Football took a nose dive at Wigan Athletic last season. What we saw in its place was a kind of “fightball” with players allowed to hoof the ball upfield, the end result being players ultimately unable to pass the ball with any consistent degree of accuracy. The end result was another seemingly inevitable relegation.
It had happened before, in the 2014-15 season, when William Kvist’s long throw-ins into the penalty box had become Malky Mackay’s principal attacking ploy. Who could have guessed that Warren Joyce and Mackay would create such a blot on the landscape of football when they were first appointed?
Owen Coyle’s long ball tactics and lack of tactical expertise had been no surprise to those of us who had seen his teams play prior to his arrival at Wigan. The surprise was more that Dave Whelan had appointed a manager whose style of football was diametrically opposed to that of his predecessor. The end result in Coyle’s case was a team that should have been challenging for promotion instead languishing in the bottom half of the table. In the cases of Mackay and Joyce the rot was to prove terminal.
Watching Paul Cook’s Chesterfield in the League 1 playoffs a couple of years ago immediately had me reflecting on his days at Wigan. Cook was the kind of player who probably would not have got a place in the teams of managers such as Mackay and Joyce. Harry McNally brought him in as an 18 year old from modest Marine, a club from Crosby who had been regular adversaries for Latics in their days in the Lancashire Combination. But despite his humble footballing origins Cook was a class act, an intelligent footballer with excellent control and a superb left foot. He was a member of Bryan Hamilton’s exciting Latics side of 1985-86, who were desperately unlucky not to be promoted to the second tier, a late run from Derby County pipping them by a single point. Cook continued to be an important player under Ray Mathias, who like Hamilton, encouraged his teams to play good football. But it was no surprise when he was snapped up by Norwich City in 1988, the next step in a career that was to see him go on to amass 642 Football League appearances, scoring 56 goals in the process.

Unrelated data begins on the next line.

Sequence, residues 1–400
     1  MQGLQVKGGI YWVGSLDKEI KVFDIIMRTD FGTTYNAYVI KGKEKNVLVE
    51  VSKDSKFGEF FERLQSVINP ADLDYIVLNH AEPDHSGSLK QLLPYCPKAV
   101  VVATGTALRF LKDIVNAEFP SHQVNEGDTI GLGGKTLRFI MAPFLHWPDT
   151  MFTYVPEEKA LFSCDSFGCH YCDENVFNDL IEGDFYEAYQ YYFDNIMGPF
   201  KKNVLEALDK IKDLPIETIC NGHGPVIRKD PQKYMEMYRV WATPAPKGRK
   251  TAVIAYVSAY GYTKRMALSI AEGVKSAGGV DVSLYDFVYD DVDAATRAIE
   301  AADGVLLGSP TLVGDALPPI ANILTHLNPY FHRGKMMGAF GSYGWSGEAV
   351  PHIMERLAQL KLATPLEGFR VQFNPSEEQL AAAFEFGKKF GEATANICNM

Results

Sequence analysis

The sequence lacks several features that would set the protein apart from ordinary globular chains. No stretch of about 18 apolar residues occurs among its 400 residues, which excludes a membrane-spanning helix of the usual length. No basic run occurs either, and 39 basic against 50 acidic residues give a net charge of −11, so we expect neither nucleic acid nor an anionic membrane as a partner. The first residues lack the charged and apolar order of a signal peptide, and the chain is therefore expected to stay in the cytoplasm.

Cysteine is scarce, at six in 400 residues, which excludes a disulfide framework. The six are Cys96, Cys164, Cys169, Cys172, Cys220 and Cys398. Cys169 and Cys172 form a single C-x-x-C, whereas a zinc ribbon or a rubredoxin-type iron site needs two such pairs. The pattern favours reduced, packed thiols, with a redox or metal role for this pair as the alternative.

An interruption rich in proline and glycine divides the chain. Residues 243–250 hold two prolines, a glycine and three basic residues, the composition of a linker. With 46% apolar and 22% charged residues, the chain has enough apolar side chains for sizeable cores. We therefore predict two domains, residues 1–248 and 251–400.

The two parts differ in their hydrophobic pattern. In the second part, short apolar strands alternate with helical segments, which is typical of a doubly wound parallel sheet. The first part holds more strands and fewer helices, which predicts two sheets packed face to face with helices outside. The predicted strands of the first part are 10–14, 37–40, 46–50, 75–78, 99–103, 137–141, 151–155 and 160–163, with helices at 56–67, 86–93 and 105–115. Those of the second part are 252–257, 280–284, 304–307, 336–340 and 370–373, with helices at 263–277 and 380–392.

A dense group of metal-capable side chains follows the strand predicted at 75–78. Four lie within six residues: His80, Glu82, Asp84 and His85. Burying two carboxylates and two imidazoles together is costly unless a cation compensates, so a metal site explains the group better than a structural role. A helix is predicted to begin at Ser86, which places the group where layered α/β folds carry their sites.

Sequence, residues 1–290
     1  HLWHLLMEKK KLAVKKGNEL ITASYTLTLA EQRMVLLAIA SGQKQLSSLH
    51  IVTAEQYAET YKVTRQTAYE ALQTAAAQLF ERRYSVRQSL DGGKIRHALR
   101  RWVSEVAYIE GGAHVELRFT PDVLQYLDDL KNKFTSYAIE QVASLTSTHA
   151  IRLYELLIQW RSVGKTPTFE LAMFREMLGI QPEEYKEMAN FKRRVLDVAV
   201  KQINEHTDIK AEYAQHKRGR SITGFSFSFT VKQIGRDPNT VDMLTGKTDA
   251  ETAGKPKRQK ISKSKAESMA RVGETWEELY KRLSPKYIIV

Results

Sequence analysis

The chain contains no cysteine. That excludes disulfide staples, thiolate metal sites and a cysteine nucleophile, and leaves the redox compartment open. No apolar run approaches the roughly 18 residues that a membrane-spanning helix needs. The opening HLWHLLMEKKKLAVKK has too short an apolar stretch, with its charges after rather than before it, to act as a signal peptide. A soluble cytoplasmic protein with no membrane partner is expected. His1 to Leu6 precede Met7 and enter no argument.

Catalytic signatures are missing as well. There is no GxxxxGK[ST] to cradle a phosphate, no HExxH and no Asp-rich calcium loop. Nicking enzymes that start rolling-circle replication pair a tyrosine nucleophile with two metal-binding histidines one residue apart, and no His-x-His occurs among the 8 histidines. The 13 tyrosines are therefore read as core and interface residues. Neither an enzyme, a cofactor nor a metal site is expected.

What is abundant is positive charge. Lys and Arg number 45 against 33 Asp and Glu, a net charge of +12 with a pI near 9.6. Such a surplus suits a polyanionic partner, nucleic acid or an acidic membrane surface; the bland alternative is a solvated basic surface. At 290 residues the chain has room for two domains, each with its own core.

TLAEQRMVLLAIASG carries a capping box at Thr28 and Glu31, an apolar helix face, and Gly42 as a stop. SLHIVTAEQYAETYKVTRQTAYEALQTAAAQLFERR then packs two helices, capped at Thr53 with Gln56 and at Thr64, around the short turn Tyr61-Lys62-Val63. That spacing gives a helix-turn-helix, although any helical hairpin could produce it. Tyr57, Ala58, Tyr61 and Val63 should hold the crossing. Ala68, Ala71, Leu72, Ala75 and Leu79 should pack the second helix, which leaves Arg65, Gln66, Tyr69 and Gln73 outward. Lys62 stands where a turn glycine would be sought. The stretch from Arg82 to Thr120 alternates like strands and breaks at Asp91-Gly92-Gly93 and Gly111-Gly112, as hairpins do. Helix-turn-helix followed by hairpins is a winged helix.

Cook was a cultured player and he expects his teams to play in a similar fashion. He started his managerial career in the lower leagues, spending some six years at Southport, Sligo Rovers and Accrington Stanley before joining Chesterfield in October 2012. His first season saw the Spireites come within two points of the League 2 playoffs, but they were to win the division the following year. They went on to firmly establish themselves in League 1 in 2014-15, reaching 6th place, losing out to Preston North End in the playoffs.
In May 2015 Cook was appointed manager of Portsmouth. Pompey had fallen from the Premier League to 16th place in League 2 within a period of just five years. In 2015-16 Cook lifted them to sixth place and the playoffs, narrowly going down to Plymouth Argyle in the playoffs. They went on to win the division last season under his guidance.